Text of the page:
Am I too Filipino to be considered American? Or, am I too American to be Filipino? These are questions Maia Ocampo has been asking herself throughout her adolescent years. Ocampo, a Filipino-American studying applied computer science at the Volgenau School of Engineering, struggled with finding the perfect balance between being American and Filipino.
In her first semester of undergrad, Ocampo worked on an extensive research project in HNRS 110: Principals of Research & Inquiry. HNRS 110 allows Honors College freshmen to engage in scholarly research and develop a personal research question just as a professional scholar would. Ocampo’s research focused on how the intersection between serious games — games meant to teach specific skills to its players — and intercultural communication can improve the field of applied gaming
Hoping to learn more about her own cultural identity, Ocampo joined Mason’s Filipino Cultural Association (FCA), to connect with others going through similar experiences. “FCA is basically like one whole big kapamelia,” said Ocampo. In Tagalog, kapamelia means “family.” Through her new kapamelia, Ocampo began to network with other individuals who could finally relate with her struggles of having intersectional identities.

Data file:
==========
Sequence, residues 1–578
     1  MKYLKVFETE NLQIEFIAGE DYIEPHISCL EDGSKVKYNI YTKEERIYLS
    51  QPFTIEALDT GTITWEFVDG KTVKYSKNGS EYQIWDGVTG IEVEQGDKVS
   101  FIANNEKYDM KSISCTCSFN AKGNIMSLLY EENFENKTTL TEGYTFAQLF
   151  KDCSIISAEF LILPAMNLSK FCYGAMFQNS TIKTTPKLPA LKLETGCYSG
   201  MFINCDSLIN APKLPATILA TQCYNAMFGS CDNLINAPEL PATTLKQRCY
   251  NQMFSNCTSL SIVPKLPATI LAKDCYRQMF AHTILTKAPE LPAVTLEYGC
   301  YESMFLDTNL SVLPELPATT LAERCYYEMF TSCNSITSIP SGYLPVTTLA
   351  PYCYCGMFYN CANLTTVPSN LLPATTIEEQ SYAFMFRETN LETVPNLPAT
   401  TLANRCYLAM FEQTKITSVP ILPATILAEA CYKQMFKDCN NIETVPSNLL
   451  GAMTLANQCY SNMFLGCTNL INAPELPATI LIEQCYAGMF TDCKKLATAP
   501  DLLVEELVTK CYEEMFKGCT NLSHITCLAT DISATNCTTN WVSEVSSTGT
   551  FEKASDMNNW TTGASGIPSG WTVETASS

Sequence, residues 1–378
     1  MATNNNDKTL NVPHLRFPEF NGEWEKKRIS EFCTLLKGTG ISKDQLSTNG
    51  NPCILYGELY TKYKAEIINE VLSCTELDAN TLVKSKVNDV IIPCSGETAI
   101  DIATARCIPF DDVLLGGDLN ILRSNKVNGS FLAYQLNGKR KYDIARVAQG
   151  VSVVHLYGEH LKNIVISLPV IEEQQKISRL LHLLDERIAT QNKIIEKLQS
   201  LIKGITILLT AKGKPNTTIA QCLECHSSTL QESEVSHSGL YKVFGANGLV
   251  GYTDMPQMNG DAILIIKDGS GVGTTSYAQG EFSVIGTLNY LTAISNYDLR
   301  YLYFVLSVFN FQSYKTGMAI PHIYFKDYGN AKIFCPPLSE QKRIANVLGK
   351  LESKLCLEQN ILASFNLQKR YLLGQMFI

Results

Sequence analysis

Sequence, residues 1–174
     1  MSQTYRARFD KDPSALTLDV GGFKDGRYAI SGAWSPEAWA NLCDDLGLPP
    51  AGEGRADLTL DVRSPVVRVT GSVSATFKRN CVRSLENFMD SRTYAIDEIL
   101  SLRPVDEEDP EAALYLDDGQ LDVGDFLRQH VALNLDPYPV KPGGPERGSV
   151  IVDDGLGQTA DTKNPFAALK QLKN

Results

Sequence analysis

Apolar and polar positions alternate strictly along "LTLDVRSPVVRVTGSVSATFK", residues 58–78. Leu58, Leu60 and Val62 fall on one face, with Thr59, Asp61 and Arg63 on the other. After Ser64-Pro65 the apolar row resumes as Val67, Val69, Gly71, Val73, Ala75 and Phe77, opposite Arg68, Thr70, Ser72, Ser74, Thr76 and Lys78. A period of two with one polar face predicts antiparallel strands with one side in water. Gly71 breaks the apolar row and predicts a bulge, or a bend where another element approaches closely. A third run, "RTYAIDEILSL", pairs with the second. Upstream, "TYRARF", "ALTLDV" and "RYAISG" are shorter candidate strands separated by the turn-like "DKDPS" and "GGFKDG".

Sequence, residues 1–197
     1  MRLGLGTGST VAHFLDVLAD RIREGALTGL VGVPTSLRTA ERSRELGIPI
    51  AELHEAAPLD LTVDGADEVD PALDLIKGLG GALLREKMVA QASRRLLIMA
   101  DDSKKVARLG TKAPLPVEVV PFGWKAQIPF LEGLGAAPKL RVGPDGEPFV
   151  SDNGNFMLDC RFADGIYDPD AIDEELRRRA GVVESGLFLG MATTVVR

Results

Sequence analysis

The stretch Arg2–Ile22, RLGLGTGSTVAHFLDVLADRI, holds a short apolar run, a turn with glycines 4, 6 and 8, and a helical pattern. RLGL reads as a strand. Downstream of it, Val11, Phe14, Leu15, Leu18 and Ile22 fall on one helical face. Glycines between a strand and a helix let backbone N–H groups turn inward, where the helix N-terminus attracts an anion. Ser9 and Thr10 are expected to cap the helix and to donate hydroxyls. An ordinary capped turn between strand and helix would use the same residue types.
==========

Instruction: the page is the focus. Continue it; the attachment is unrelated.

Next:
“This is a space that allows me, without judgement, to explore more traditions and facets of my Filipino heritage, all while having a lot of fun and exploring more of what being a successful Asian American means to me.” With the support of her new Filipino family at Mason, Ocampo made a promise: to challenge the game design industry and make room for ambitious women of color, such as herself.
In a field as fresh as game design, Ocampo now sees her identity and experiences as a Filipino-American woman as a strength that will aid her in her future career. “I’d like to see more women in the game design field. Men have dominated this field for many years, and I think it's time for women to show what they’ve got,” said Ocampo.
Ocampo plans to pitch her research and experience with game design to OSCAR’s Undergraduate Research Scholars Program (URSP). Through this program, accepted students receive a grant to conduct research and complete creative projects under the supervision of a faculty mentor. Ocampo seeks looks forward to the opportunity to continue her intersectional research regarding the intercultural links that exist in game design.
“I try to take advantage of every opportunity so that I gain the experience and skills that will allow me to be a great representative for people of color in my future career in game design,” said Ocampo.